For all the news junkies and those who are interested in the issues with Islam, the western world and the decline of the west, please follow the series with Charles Hill and Faoud Ajami. This is followed by a video series regarding the Soviet Union, communism and the west. I hardily recommend these two video series because you not only will you not see this on the news....I guarantee that you will never see this on the History or Discovery Channels. RK
In London and other English cities, young black savages have been wreaking such havoc that even Prime Minister David Cameron, who is generally as genteel as Queen Victoria, has referred to them as “scum.” It figured that once England’s riffraff showed the world what they were made of, America’s own would step up to the challenge. The fact is, if there were an Olympics where young louts could compete for medals in such events as car-burning, looting and beating up innocent people, our own black thugs would consistently bring home the gold.
All right, I’ll come clean. I have to admit it. I am a Lutheran. And that, at least according to Joshua Green at The Atlantic, would seem to be pretty fringey stuff. Definitely outside the realm of respectable opinion in today’s world. (Which must be a surprise to all those Garrison Keillor fans.) Or… maybe I’m not a Lutheran at all, really. If you were to speak to an official of the Wisconsin Evangelical Lutheran Synod, to one of whose congregations presidential hopeful Michele Bachmann used to belong, they’d probably tell you that my own church, a member of a conservative but pietistic fellowship, isn’t really Lutheran in the proper meaning of the term. We’re insufficiently sacramental in our focus, and so not truly Lutheran. And you know what? I’m OK with that.
Can we really rein in the long term growth of federal power, spending, taxation and debt? Is it enough to rely on politicians in Washington to limit their own power? In how many of the next 50 years will there be a conservative majority in Washington? How likely is it that conservative majorities will be cyclical not permanent? Do we need new constitutional limits on federal power in addition to working for conservative majorities in Washington? Is 2/3 of Congress likely to propose any constitutional limit on its own? Is state-initiated constitutional reform effort an important option for enacting new limits on federal government power? Would Congress be more likely to propose an Amendment that limits its power, when the alternative is being forced by states to call an Article V Convention? Is there significant concern, whether justified or not, about the possibility that an Article V convention of states could become a runaway convention? Does Article V, correctly interpreted, gives states the power to limit the scope of a convention they call?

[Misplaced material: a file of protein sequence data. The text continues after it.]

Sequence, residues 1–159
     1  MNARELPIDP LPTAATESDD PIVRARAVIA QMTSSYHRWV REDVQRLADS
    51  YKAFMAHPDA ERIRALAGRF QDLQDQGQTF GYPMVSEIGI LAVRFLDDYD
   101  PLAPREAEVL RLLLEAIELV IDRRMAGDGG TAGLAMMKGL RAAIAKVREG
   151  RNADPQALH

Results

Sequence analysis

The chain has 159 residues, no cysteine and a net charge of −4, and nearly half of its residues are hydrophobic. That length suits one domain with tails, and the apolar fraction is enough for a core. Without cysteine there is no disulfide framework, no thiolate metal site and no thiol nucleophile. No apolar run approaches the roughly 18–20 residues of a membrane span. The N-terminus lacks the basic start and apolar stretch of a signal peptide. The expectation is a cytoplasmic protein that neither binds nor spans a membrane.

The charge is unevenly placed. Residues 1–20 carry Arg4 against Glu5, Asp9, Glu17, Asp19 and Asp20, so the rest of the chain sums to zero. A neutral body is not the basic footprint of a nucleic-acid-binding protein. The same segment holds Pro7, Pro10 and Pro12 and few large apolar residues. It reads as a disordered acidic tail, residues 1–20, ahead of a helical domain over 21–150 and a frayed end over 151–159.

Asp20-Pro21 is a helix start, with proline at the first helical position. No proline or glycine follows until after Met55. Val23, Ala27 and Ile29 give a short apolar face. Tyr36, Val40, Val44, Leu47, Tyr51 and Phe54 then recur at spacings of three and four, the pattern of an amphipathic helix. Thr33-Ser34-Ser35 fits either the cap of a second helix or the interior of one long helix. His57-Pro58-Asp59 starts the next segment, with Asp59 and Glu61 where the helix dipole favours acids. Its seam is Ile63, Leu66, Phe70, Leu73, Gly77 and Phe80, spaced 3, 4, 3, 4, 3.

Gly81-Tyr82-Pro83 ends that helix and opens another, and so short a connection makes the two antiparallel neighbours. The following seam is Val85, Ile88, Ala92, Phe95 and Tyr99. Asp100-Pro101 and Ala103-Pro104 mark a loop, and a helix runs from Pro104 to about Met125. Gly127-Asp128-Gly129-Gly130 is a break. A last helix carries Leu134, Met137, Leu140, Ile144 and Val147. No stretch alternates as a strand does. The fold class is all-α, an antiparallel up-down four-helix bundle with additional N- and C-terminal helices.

I get into a lot arguments with conservatives over very non-conservative causes they believe in. For some reason there are just some conservatives who do not have a problem with certain unconstitutional acts. And just like liberals do, they all sorts of ways to justify their support for said heinous things. You know, like how Ron Paul finds ways to justify requesting earmarks for his district while simultaneously claiming to be against earmarks……..Farm subsidies go mostly to only certain crops and activities and mostly to a very select few “farmers” which tend to be huge corporate entities. Not that there is anything wrong with corporate farms mind you. Although some people have an irrational fear of them. Now, these farm subsidies include, from highest to lowest in 2010: corn, wheat, soybeans, cotton, rice, sorghum, livestock, tobacco (something government claims to hate and get rid of), peanuts, barley, the dairy industry, sunflowers, canola, oat, wool, flax and “trees”. There are also huge payments made to programs for disaster relief and conservation as well as wetlands preservation.
Liberals like to think the laws of economics are like the laws of physics. In physics, particles behave differently on the subatomic level than they do in the macroscopic realm. This is because as one gets smaller and smaller, different forces become dominant and take control of how particles interact with one another thus leading to sometimes counterintuitive solutions. This is why there is an entire field of physics, called quantum mechanics, to deal with this special situation. Economics however, does not act differently on the macro or micro level. Yes, there are actually two fields of economics; microeconomics and macroeconomics. And economists, for God only knows what reason, actually try to forcibly separate the two. I think this is why liberals get confused.